Symptoms of rabies include:
  • Fever
  • Seizures
  • Paralysis
  • Hydrophobia
  • Inability to swallow
  • Lack of muscular coordination
  • Unusual shyness or aggression
  • Excessive, or ‘frothy, saliva
Rabies Causes and Diagnosis
Rabies is a virus transmitted through the exchange of saliva or blood from an infected animal. Very rarely is it caused by the escaping gasses of decomposing animal carcasses infected by the virus, which can be a concern for hunting dogs.

If you suspect that your dog has rabies, call your veterinarian immediately. If safe to do so, subdue your dog and take it to the veterinarian to be quarantined. If your pet is acting violent or is trying to attack you, you must call animal control to restrain your dog. The only suitable method for confirming suspected rabies infection is by having your veterinarian quarantine your dog for 10 days.

Since rabies can be confused for other aggression-causing conditions, a laboratory blood analysis must be conducted to confirm the virus’ presence.

Treatment

If your dog has had a rabies vaccination, provide proof of it to your veterinarian. Notify anyone who may have come into contact with your dog’s blood or saliva, or were bitten by your dog, immediately so they can seek treatment.

Rabies is always fatal for unvaccinated animals, usually dying from it within 7 to 10 days from when the initial symptoms began.

If your dog does test positive for rabies, you must report the case to your local health department. An unvaccinated dog that is bitten or exposed to a rabid animal must be quarantined for up to six months, or according to state and local regulations. A vaccinated animal that has bitten or scratched a human should be quarantined and monitored for 7 to 10 days.

Management


Disinfect any area the infected animal may have infected (especially with saliva) with a 1:32 bleach dilution of household bleach solution to inactivate the virus quickly. Don’t come into contact with your dog’s saliva. Saliva can enter into your skin through an accidental scratch or wound, leaving you at risk for contracting the virus.

Friday, May 18, 2018

The Perils of Lyme Disease

Lyme Disease is well-known as ‘that disease that comes from ticks’. But what Lyme Disease is, in clinical definition, and the effects it has on a person or animal are not as defined as would be expected. While humans have more of a fighting chance against preventing tick-transmitted Lyme Disease, dogs and cats do not. That is why it is important to check your pet regularly for ticks.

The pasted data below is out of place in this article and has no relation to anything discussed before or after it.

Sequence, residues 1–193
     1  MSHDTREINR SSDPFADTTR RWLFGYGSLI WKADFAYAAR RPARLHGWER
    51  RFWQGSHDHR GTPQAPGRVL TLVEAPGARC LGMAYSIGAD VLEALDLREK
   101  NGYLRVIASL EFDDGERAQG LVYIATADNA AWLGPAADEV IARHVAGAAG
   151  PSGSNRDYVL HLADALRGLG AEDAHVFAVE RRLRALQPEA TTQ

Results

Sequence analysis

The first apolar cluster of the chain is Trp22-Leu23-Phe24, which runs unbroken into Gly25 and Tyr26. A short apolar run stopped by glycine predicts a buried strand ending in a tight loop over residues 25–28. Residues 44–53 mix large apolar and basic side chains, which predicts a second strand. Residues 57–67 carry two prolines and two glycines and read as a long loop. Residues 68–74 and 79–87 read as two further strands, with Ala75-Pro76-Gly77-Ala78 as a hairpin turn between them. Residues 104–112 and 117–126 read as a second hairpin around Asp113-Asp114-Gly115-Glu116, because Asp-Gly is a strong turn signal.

What Is Lyme Disease?

Lyme Disease is a bacterial infection capable of affecting dogs, cats, humans and other mammals. The primary carrier of Lyme Disease is the deer tick, which usually begins its early stages by feeding on rodents. As it matures, the tick can attach itself to a dog or a human and transmit the bacteria that causes Lyme Disease.

Symptoms of Lyme Disease include:
  • Depression 
  • Lymph node swelling 
  • Appetite loss 
  • Fever 
Lyme Disease can also cause joint pain and swelling and lameness, as well as renal failure.

What To Do If You Think Your Pet Has Lyme Disease

The most advisable thing for you, as a pet owner, to do if you think your pet has Lyme Disease is to take them to the veterinarian for evaluation. Evaluations include a physical exam, blood tests and even radiographs.

How Is Lyme Disease Treated?


Your veterinarian can determine the best treatment plan for your pet. Antibiotics are the most used option. With prompt and proper treatment, your pet’s condition should begin improving within 48 hours.

Saturday, May 12, 2018

Fleas on Your Pet: What To Look For

It is no doubt that fleas are not only a nuisance, but a danger to both your pet and you. With nearly 2,000 different species and subspecies of fleas, there are plenty to go around. Fleas thrive in warm, humid environments and like to feed on their host’s blood. But fleas don’t need to be a fact of life for pet owners. There are plenty of things that can be done to prevent fleas from infesting your pet or, if your pet is already infested, get rid of them.

Why Pets Are Susceptible to Fleas


Fleas are insect parasites that live solely on the consumption of blood from a mammal, known as a ‘host’. Unlike other insects that have wings to help in searching for a host, fleas rely on jumping from point to point for their meals. They can jump up to 10,000 times in a row, thanks to three pairs of legs that create superior leaping capabilities of up to 2 feet. Their lateral, flattened body allows them to make quick and stealthy movements in pet fur.

Their complete life cycle ranges from 16 days to 21 months, depending on conditions like environment and are most commonly found on a pet’s abdomen, tail base and head; heavy infestations can prompt fleas to thrive anywhere on the body. Fleas like to feed once every day or two, generally remaining on their host during the intermittent period.

What Can Fleas Do To A Pet?

There is a wide variety of issues that fleas can cause your pet. Anemia and significant blood loss over time are two of the most prominent since fleas can consume 15 times their body weight in blood. Things can become especially complicated for young or small pets (such as puppies and kittens), where a low number of blood cells can be life threatening. Pale gums and cold body temperature are both signs of what is called ‘parasitic anemia’

Pets with a heightened sensitivity to flea saliva can have an allergic reaction with just one bite, known as flea allergy dermatitis, which can cause intense and uncomfortable itching in your pet, along with hair loss, reddened skin, and scabs and hotspots which can lead to skin infections.

Signs of flea presence include:
  • ‘Flea Dirt’, or flea droppings, in a pet’s coat,